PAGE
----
The meeting was opened by Dr. R. K. Taylor, Chairman of the Engineering Group.

J. A. Hudson (Imperial College, London) pointed out in a paper on ‘Discontinuities and excavation design in rock engineering’ that early studies of rock behaviour had centred on intact rock. He went on to outline the information about discontinuities in terms of orientation, frequency and persistence which are required for the design of excavations and associated rock support systems.

The reaction of rock mass to applied stress and the transmission of stress and water through rock masses are modified by the presence of discontinuities. For a particular rock mass, provided sufficient is known about the properties of both the rock itself and the discontinuities, the deformability, permeability, joint frequency and orientation, in situ stress and strength can all be estimated theoretically. However, since deriving solutions for real rock masses is a very complex operation, rock engineering tends to be a mixture of theory and empiricism. This may be adequate for situations for which there are accepted practices, but when dealing with new applications, for example radioactive waste disposal or geothermal energy exploitation, design must be based on a clear understanding of fundamental rock mass principles.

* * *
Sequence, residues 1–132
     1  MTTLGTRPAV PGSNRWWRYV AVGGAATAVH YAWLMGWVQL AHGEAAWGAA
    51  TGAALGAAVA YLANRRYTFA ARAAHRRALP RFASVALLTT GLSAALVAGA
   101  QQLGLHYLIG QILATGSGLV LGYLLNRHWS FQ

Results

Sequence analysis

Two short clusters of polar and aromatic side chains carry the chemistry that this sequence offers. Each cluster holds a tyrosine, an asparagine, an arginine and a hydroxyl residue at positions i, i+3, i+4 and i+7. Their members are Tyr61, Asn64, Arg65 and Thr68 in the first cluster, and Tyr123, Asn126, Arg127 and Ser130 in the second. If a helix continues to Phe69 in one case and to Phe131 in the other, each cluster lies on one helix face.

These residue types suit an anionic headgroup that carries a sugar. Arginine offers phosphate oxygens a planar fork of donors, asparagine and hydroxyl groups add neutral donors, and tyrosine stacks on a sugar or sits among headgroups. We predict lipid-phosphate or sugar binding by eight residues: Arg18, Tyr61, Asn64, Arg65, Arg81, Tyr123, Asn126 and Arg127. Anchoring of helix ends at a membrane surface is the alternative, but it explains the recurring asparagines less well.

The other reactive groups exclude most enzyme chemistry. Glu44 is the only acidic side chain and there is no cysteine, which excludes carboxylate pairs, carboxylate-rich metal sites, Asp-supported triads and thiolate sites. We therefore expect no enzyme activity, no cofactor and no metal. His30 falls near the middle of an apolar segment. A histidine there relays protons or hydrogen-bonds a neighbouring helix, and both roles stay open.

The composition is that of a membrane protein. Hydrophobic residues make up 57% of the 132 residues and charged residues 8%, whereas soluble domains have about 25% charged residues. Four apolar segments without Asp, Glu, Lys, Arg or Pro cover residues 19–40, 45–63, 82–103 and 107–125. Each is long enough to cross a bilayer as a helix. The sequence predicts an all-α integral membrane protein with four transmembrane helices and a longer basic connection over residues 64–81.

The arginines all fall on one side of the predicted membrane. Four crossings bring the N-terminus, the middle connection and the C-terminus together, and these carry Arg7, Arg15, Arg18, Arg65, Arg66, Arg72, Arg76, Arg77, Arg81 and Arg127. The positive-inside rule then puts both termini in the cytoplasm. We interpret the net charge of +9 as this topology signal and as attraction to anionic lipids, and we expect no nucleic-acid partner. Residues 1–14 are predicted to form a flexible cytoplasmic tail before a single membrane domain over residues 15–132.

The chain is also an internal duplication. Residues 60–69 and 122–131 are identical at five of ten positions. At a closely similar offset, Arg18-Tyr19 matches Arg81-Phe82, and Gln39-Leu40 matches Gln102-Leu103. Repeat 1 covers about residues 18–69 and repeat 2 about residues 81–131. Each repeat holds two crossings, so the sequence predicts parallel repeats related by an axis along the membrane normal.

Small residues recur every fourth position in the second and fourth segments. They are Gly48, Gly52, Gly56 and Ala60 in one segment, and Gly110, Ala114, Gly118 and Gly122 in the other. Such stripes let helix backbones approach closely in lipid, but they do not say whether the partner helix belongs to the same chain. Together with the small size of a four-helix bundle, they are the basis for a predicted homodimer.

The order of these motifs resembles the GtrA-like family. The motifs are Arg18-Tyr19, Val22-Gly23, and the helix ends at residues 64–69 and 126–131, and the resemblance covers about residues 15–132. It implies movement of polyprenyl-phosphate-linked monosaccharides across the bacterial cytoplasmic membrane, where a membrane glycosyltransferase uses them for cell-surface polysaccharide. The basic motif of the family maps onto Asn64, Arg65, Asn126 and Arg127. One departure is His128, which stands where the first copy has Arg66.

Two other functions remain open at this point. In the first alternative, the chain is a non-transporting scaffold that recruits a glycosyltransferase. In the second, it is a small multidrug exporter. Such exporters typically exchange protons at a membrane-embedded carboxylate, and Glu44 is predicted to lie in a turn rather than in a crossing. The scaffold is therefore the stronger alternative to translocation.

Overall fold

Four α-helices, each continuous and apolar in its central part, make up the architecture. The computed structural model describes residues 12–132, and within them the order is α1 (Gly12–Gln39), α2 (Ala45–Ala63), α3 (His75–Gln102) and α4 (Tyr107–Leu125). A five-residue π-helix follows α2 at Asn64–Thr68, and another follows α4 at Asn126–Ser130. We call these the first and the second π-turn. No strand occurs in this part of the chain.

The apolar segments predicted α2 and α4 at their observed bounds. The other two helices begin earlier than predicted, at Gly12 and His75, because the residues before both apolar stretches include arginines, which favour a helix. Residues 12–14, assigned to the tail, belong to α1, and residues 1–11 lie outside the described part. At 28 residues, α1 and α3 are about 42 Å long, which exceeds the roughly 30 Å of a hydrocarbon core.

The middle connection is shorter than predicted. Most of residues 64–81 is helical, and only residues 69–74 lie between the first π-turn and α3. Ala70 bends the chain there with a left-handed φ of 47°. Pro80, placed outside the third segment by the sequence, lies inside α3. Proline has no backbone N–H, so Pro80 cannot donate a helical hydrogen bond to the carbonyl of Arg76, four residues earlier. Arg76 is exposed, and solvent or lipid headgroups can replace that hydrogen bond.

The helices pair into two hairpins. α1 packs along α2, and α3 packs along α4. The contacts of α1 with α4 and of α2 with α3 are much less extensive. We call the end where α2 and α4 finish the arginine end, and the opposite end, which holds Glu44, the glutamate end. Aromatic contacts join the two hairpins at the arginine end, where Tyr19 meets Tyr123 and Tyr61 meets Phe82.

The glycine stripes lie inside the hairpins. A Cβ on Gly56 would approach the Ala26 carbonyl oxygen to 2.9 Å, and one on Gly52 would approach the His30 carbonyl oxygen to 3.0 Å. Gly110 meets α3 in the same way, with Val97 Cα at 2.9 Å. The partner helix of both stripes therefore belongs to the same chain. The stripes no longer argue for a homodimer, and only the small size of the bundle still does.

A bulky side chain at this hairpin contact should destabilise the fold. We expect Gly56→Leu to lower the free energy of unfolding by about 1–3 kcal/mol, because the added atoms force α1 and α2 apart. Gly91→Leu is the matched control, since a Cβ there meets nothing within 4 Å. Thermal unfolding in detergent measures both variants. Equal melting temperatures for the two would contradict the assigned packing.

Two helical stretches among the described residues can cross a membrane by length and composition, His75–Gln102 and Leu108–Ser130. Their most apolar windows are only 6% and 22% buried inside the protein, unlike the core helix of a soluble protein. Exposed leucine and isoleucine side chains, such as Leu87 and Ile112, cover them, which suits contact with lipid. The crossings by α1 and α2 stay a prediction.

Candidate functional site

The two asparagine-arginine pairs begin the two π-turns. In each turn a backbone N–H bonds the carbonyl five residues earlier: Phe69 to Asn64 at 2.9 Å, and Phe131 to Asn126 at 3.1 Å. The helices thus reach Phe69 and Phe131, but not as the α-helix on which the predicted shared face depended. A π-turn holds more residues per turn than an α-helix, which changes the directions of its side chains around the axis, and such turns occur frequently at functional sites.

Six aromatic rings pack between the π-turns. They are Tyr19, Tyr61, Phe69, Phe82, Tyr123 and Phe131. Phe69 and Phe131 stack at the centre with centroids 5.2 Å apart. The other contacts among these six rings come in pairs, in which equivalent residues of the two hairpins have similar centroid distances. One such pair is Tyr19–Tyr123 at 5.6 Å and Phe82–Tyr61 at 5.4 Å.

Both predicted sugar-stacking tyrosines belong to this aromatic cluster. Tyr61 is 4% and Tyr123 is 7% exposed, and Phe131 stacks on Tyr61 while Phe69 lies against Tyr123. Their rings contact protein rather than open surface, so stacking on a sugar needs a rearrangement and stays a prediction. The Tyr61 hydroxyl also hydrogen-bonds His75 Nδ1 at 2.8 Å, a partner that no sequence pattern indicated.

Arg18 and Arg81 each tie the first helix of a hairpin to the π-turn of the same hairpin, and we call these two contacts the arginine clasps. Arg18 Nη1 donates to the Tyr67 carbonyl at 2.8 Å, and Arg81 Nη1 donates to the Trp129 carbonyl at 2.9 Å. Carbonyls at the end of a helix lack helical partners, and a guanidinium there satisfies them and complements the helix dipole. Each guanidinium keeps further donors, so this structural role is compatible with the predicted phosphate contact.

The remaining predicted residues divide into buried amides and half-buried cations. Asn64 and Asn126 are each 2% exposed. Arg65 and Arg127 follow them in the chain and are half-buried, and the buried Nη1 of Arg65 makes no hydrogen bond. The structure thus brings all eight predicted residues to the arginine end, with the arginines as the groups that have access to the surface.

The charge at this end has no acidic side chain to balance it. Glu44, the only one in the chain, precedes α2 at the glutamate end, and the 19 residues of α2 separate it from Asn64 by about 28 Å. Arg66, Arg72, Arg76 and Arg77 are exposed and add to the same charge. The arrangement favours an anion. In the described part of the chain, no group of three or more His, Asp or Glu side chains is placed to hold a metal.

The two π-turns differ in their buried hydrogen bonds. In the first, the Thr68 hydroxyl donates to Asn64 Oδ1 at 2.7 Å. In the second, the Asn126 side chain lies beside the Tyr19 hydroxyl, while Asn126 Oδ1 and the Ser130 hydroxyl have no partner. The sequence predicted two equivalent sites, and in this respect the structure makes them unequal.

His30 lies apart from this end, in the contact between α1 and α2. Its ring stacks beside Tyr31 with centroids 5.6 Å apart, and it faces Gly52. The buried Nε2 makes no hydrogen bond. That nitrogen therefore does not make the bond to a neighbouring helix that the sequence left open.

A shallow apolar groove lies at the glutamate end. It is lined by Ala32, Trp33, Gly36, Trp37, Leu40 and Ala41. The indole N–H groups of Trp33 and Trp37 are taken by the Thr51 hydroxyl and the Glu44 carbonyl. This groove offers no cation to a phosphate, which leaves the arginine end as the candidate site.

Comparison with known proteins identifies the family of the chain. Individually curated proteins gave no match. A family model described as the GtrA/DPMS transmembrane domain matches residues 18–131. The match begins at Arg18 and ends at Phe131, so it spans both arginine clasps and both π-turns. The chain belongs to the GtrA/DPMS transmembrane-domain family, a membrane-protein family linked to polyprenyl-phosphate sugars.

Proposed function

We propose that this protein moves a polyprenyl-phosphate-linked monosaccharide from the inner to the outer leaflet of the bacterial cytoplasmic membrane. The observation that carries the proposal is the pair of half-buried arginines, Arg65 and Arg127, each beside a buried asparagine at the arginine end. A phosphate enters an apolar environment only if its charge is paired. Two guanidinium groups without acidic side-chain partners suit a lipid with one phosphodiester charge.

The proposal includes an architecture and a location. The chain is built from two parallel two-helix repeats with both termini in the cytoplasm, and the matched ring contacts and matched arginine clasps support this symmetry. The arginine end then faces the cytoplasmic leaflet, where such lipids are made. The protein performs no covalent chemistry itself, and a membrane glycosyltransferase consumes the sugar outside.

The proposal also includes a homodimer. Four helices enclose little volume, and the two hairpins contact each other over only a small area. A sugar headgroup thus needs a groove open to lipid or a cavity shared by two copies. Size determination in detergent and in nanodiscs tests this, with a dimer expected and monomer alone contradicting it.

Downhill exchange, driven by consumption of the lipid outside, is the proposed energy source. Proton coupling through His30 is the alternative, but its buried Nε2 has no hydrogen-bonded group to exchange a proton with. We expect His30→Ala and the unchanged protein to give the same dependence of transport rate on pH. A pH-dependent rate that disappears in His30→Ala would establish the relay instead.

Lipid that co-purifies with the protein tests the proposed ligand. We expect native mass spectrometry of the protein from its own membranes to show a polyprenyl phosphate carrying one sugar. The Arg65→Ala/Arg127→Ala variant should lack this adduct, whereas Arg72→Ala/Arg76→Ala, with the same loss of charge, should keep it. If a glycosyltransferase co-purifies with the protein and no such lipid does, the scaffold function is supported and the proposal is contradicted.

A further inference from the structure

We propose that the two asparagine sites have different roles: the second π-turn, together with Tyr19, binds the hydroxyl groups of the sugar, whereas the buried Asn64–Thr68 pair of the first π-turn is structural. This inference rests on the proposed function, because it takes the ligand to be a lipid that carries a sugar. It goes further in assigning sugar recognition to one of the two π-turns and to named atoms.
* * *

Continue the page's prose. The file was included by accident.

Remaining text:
It is important to appreciate that engineering work may have the effect of changing the behaviour of the rock mass and although some aspects have received a great deal of attention there has been little work done on others, for instance the relationship between water flow and weathering; an important factor

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